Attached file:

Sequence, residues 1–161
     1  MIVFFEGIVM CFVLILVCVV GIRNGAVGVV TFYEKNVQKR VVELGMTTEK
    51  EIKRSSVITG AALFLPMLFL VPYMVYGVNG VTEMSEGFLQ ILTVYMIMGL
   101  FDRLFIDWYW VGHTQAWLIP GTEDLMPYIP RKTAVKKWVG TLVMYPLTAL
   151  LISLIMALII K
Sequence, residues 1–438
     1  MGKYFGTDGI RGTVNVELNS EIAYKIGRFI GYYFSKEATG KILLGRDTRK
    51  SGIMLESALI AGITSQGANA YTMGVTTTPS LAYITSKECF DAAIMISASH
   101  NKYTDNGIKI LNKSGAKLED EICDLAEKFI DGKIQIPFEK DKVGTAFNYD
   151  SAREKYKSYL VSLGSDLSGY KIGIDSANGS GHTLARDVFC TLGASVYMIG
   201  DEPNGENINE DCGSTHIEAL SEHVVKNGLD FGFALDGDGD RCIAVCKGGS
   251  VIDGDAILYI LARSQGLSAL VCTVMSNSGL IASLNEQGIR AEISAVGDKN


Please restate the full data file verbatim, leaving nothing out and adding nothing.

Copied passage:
Sequence, residues 1–161
     1  MIVFFEGIVM CFVLILVCVV GIRNGAVGVV TFYEKNVQKR VVELGMTTEK
    51  EIKRSSVITG AALFLPMLFL VPYMVYGVNG VTEMSEGFLQ ILTVYMIMGL
   101  FDRLFIDWYW VGHTQAWLIP GTEDLMPYIP RKTAVKKWVG TLVMYPLTAL
   151  LISLIMALII K
Sequence, residues 1–438
     1  MGKYFGTDGI RGTVNVELNS EIAYKIGRFI GYYFSKEATG KILLGRDTRK
    51  SGIMLESALI AGITSQGANA YTMGVTTTPS LAYITSKECF DAAIMISASH
   101  NKYTDNGIKI LNKSGAKLED EICDLAEKFI DGKIQIPFEK DKVGTAFNYD
   151  SAREKYKSYL VSLGSDLSGY KIGIDSANGS GHTLARDVFC TLGASVYMIG
   201  DEPNGENINE DCGSTHIEAL SEHVVKNGLD FGFALDGDGD RCIAVCKGGS
   251  VIDGDAILYI LARSQGLSAL VCTVMSNSGL IASLNEQGIR AEISAVGDKN